You also won’t find any ATMs or money exchange facilities at the Comoros airport either. So you’ll have to wait till you arrive in town before drawing and exchanging your cash.
Also, it’ll be best to get rid of all your local money before leaving, as you won’t be able to exchange it once you arrive at the airport.
When it comes to departure, Ethiopian Air opens flight check-in up to 5 hours before take-off. The only facilities at departure are a tiny shop selling soft drinks and a shop selling local souvenirs.
It was the only place where I saw any souvenirs being sold on the Island.
When leaving Comoros, it’s highly recommended that you spend your last night in Moroni. While there are boat services between the islands, they’re often delayed due to weather.
The only other alternative way off the islands is via a boat service between Moroni and Dar Es Salaam in Tanzania.
However, there is very little information available about this – tickets can be bought in the harbor near the Government Tourist office.
Money on Comoros Island
The local currency is the Comorian Franc (KMF), which comes in coins (25, 50, 100, 250) and notes (500, 1000, 2000, 5000, 10 000). Generally, you’ll get 490 KMF for 1 Euro and 420 KMF for 1 USD.
There is an ATM that accepts VISA bank cards at the port, in the lobby of the Retaj Hotel, as well as a few other ATMs in Moroni and one in Mitsamioul on the north of Grand Comore (as of November 2019).
I didn’t see any ATMs on Moheli. Luckily, the Comoros island hotels and higher-end restaurants accept payment in Euro.
Comoros Hotels & Other Accommodation
Due to Comoros being such a poor country, you won’t find much variety here when it comes to accommodation. You either have to go cheap and local or high-end like the rest of the upper class in this country.
You won’t find any guesthouses or hostels in the country, but there are a few Airbnb’s around the capital. If you’re traveling with a partner, this will help you with budgeting as you can split the costs equally.
In general, you can get a cheap, budget Airbnb for 35 – 44 Euros or spend 90+ euros on a high-end hotel room. There weren’t any mid-range accommodation options during my time in Comoros.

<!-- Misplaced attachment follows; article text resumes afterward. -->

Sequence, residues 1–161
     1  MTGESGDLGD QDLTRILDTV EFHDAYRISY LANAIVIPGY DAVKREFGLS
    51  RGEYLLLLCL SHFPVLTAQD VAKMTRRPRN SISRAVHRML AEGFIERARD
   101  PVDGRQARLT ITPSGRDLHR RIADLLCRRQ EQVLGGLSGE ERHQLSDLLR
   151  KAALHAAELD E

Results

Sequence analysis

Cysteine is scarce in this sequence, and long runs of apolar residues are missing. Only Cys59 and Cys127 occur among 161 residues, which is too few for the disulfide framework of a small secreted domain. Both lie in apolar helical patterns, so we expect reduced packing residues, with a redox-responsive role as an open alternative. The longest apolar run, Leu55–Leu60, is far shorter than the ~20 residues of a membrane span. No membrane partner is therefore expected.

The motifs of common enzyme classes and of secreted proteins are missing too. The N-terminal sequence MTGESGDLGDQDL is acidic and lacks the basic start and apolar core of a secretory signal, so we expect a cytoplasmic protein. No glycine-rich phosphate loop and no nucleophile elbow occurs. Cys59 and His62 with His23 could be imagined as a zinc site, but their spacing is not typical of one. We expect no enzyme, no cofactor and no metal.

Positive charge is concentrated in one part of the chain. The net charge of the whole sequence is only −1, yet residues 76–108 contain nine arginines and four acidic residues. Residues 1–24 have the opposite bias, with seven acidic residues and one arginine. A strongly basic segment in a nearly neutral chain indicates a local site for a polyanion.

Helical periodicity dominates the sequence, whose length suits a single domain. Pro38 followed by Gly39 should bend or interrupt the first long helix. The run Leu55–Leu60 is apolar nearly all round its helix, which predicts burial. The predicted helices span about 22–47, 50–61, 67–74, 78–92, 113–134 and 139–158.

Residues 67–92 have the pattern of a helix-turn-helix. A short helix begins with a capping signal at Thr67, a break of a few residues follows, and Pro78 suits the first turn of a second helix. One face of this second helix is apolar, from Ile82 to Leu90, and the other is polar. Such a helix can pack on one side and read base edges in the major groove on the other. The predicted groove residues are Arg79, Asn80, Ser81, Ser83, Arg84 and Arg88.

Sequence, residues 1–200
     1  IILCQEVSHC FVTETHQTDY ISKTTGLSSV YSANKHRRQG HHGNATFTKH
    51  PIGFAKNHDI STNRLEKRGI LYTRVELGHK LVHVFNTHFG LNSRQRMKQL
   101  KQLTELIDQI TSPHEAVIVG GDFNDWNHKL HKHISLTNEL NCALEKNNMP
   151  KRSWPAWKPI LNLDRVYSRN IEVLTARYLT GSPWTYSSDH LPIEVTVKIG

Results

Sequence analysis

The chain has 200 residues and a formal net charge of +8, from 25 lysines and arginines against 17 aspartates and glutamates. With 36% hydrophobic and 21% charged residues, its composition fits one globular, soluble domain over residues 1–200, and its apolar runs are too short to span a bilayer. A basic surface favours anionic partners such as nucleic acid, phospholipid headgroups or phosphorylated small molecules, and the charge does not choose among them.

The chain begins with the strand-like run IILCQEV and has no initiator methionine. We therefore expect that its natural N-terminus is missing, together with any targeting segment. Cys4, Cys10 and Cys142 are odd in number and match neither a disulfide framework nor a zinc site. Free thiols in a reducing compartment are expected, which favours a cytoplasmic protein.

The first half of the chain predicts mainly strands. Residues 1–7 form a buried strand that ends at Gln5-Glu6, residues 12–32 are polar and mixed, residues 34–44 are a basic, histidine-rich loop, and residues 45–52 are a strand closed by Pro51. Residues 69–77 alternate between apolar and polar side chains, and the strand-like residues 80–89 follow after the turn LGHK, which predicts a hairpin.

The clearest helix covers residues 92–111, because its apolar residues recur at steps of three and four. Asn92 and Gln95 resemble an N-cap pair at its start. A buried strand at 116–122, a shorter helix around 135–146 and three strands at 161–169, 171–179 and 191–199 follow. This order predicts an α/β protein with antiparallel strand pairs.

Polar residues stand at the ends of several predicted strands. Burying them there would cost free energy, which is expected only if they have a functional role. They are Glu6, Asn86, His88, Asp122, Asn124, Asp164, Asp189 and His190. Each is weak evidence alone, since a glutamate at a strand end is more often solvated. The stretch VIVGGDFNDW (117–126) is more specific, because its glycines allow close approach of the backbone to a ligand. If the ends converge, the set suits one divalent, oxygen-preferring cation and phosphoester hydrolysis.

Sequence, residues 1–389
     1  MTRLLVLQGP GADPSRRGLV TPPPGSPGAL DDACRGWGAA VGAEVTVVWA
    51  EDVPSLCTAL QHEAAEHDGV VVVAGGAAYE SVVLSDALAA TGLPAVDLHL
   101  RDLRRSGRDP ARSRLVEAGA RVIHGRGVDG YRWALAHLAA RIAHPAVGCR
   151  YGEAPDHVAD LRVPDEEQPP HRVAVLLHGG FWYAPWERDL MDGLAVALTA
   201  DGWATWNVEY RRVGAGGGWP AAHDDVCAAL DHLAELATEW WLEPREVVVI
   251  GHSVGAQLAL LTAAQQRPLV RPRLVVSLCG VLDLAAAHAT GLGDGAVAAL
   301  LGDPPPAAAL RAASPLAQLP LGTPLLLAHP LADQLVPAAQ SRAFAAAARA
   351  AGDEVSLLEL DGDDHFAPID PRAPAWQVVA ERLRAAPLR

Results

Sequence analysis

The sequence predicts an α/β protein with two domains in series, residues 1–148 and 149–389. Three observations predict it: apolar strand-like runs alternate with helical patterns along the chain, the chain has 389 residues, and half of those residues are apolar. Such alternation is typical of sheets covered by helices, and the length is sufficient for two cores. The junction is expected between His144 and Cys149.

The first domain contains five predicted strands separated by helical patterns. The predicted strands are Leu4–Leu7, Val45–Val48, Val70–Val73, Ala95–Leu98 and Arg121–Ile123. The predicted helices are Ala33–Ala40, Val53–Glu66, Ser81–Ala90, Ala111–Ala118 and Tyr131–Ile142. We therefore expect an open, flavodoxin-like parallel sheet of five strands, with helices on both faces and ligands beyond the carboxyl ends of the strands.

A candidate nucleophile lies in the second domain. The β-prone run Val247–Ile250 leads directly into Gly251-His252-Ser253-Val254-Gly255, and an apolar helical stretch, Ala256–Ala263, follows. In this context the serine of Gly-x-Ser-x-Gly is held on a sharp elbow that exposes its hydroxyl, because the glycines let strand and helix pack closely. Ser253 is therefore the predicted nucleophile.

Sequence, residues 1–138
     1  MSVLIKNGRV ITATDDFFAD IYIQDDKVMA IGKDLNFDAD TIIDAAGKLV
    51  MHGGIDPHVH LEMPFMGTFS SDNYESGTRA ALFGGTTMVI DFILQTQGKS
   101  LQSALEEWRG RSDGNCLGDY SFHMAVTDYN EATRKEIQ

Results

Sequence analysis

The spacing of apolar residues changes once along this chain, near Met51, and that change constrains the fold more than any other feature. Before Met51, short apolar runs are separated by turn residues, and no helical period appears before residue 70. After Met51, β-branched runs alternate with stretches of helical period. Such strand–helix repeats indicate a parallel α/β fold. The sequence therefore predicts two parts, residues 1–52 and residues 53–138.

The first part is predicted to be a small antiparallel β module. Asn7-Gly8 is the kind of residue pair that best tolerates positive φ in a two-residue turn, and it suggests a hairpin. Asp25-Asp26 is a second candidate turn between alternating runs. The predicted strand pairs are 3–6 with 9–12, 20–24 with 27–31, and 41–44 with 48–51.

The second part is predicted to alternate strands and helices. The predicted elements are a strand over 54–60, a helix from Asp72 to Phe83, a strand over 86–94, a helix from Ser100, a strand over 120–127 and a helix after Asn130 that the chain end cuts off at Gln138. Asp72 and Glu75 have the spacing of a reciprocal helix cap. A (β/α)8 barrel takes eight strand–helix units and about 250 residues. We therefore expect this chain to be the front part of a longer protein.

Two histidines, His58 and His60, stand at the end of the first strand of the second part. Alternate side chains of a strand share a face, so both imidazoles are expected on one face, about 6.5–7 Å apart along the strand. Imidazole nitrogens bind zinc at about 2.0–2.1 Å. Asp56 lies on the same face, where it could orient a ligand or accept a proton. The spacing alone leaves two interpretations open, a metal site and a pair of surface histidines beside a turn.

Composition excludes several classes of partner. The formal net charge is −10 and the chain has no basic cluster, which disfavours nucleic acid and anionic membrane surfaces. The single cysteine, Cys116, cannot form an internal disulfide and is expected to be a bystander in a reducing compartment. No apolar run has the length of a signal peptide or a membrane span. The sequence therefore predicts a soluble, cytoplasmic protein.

Getting Around Comoros
There’s no bus system on the Island, so the only way to get around is by taking shared taxis or hiring a car with a driver for the day. I never found any car rental companies for self-exploring if you would prefer that.
A shared taxi around Moroni will cost you around 250 KMF or 500 KMF to Hotel Itsandra.
Hiring a car with a driver (talk to your hotel or Airbnb Host) will cost 30 – 40 euros for a full day, including fuel.
The road leading north from the airport is full of potholes, so don’t expect to travel between places at high speed.
The road from the airport to Moroni is pretty good, and the road from Moroni down south to Chindini is also fairly good.
If you’re wanting to travel between the three islands, you can catch a ride on a small open boat (or “ferry”).
To catch a ferry out to Moheli or Anjouan, you will have to head down to Chindini on the southern tip of Grande Comore; this is where all boats leave from (if the weather’s good).
There are about four boat trips out to Moheli each day, and takes around 2 hours if the water is calm.
Before departing, you’ll have to register your passport with the harbor police. You’ll also have to do this upon arrival at the next island, which is done the old-fashioned way with pen and paper, so it takes some time.
A one-way ferry will cost about 75 euros – a local flight will cost the same, but these are often canceled.
Do be aware that, while these boat trips are relatively safe, accidents and drownings have occurred in the past.
Two boats went down, and 24 died a few days before my arrival. So never do the crossing between islands if the weather is unstable.
Seafood, seafood, more seafood, and perhaps a little bit of chicken. That’s more or less the menu on the Comoros Islands.
Most of the Grande Comore is made of hard volcanic rocks, which means very few vegetables can be grown here. So, almost everything here is imported.